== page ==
Tuesday, July 14, 2015

Boy Scouts of America's New Policy of Discrimination

Yesterday the Boy Scouts of America (BSA) announced a draft of its new discrimination policy, expected to be adopted July 27, 2015 at the national board meeting. These documents were published outlining the details:
What is so curious about this announcement is that it outlines a continuing policy of discrimination at a time when most organizations are struggling to do the opposite. Most everyone else is trying to actively end discrimination in all it's forms, but with this policy discrimination against LGBT individuals may continue in the up-to 70% of units that are sponsored ("chartered") by religious institutions, and invidious discrimination against girls/women and the godless on the part of the Boy Scouts of America will continue. The activism and pressure that was required to end the active discrimination against LGBT youth and adults in membership and employment continues to be required to bring about change. The BSA admits (see links above) the changes currently in play is primarily due to actual or threatened litigation, as well as BSA (perhaps unintentionally) having abandoning the expressive claims made in the BSA v. Dale Decision.

The BSA's continued practice of discrimination against LGBT in volunteering and membership in their religiously sponsored scouting units continues to prevent them from re-entering their formerly privileged positions in communities and educational settings throughout the nation. The changes announced yesterday and expected at month's end are limited to ending an active policy of discrimination against "avowed homosexuals," while simultaneously permitting it to continue with its religious partners. Local Councils will continue to attempt to adopt non-discrimination policies that National BSA in the documents published yesterday insist are null and void.

BSA's proposed policy changes continue to abandon youth and families in religiously discriminating units, leaving them at risk. The public will see this and continue to object to it. Those religious organizations that do not change will be increasingly marginalized by the rest of society.

BSA has bought a little goodwill with the changes announced today, but that goodwill will erode over time if BSA cannot figure out how to welcome those members it is currently deciding to not actively mistreat and neglect, and if it fails to extend scouting to those it still actively excludes.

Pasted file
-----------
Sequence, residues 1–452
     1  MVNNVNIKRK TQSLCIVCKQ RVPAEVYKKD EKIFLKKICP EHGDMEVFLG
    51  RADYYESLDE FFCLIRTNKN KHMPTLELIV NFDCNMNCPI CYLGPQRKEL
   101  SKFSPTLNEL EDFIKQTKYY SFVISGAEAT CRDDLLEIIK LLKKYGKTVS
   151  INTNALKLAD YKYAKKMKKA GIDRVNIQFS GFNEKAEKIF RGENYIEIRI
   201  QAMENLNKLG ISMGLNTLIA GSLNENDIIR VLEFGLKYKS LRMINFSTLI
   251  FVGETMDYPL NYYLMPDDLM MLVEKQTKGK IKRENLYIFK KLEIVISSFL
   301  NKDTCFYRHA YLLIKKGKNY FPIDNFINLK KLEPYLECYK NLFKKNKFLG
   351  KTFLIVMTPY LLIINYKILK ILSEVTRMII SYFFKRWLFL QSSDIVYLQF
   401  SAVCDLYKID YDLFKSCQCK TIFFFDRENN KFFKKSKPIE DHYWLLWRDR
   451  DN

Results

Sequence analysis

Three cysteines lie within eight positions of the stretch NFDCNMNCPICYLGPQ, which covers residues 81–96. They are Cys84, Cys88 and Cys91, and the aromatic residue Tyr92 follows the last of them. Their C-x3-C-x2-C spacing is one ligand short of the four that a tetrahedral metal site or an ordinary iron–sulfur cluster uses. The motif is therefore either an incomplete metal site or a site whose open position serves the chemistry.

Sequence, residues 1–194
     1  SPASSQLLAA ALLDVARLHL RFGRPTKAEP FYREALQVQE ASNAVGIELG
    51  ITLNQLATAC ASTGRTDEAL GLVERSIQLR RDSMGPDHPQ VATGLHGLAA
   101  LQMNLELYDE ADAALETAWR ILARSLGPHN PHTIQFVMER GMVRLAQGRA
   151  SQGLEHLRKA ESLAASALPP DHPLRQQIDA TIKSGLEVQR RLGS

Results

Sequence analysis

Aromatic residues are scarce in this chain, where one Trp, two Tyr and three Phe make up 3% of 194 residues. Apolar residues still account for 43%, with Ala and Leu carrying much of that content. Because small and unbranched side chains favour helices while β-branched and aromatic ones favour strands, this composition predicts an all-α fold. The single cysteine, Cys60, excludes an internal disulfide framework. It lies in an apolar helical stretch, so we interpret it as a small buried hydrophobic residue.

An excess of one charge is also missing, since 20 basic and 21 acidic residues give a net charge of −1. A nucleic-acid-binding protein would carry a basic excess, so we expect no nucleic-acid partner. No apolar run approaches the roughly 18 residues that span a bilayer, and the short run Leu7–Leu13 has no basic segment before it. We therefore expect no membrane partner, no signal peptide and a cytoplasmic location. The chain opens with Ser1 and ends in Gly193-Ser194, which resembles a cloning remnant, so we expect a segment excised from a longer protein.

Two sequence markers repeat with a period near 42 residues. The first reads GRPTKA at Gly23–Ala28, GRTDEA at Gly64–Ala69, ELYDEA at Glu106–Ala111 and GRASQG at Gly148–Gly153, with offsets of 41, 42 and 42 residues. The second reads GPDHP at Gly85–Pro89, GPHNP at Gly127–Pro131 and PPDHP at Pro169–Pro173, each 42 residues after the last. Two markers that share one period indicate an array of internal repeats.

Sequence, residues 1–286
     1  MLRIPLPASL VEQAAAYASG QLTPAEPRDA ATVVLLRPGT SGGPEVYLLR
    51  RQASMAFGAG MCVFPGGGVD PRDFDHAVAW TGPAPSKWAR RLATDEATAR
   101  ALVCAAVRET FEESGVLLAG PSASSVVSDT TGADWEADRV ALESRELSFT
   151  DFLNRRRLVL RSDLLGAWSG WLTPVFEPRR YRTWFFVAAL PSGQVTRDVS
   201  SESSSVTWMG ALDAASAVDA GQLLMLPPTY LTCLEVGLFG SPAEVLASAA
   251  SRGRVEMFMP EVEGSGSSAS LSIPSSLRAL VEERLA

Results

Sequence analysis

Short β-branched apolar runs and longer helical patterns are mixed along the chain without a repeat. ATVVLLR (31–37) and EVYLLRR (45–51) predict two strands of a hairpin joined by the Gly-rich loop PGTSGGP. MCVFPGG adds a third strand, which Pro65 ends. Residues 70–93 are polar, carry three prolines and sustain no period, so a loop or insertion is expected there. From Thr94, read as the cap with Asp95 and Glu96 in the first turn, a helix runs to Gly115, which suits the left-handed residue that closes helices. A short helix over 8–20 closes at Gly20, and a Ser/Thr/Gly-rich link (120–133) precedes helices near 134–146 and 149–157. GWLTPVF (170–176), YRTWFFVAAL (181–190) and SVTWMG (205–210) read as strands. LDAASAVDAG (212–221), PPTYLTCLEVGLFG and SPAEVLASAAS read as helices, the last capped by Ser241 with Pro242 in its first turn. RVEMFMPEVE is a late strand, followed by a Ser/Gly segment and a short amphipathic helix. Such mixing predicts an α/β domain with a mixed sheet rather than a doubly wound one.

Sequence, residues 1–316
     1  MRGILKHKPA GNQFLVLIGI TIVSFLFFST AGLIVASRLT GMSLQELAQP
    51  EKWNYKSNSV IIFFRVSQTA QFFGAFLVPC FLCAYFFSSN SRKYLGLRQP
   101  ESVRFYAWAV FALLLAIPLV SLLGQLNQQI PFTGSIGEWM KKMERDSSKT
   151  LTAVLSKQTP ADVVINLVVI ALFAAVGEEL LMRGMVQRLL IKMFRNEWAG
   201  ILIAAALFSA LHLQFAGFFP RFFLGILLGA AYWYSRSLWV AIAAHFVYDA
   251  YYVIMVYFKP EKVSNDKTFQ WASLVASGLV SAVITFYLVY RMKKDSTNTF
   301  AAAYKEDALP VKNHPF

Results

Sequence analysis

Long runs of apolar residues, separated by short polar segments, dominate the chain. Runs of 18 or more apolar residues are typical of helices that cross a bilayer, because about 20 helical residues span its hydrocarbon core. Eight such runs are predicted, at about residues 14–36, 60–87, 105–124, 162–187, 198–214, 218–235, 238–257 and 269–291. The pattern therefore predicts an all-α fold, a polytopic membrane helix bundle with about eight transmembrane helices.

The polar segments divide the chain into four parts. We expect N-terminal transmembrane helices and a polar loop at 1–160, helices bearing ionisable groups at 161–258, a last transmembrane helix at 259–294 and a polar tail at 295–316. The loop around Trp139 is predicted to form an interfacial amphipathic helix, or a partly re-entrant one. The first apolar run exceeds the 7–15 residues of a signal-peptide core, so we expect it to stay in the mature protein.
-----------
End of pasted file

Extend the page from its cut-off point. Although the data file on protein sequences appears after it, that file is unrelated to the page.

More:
As with the changes in membership policy January 1 2014, the changes now proposed by the BSA is not predicated on the needs of families and children. Not one word in the materials prepared for communication with the public, nor with units, charter organizations nor councils speaks to the special vulnerabilities of LGBT youth and the risks they face at the hands of those in whose care they are entrusted. Not one word addresses the needs of families with LGBT members or participants. The BSA is making this change with the narrowest of focus: "that the National Executive Board will act in the best interest of our organization."

Holding the "rights of religious chartered organizations" to continue invidious discrimination without simultaneously discussing and safe-guarding the needs, indeed the rights, of children and families to equal dignity and protection, participation and expression goes beyond neglect. It is reckless endangerment.

Subjecting children and families to what amounts to a ZIP code lottery is simply immoral.

Let's be clear. With this change BSA adopts a new policy of discrimination at a time when what is needed is a policy of NON-discrimination. National BSA threatens all Councils throughout the nation that if they adopt non-discrimination policies the prohibit any chartering organization the prerogative to mistreat, neglect, abandon, discipline or discharge any who are or are thought to be lesbian, gay, bisexual or transgender, then "The National Council will take action on a council that violates this provision." (-source: Adult Leadership Standards and Resources Update June 2015, Question 18).

What kind of respectable child and youth serving organization does that?

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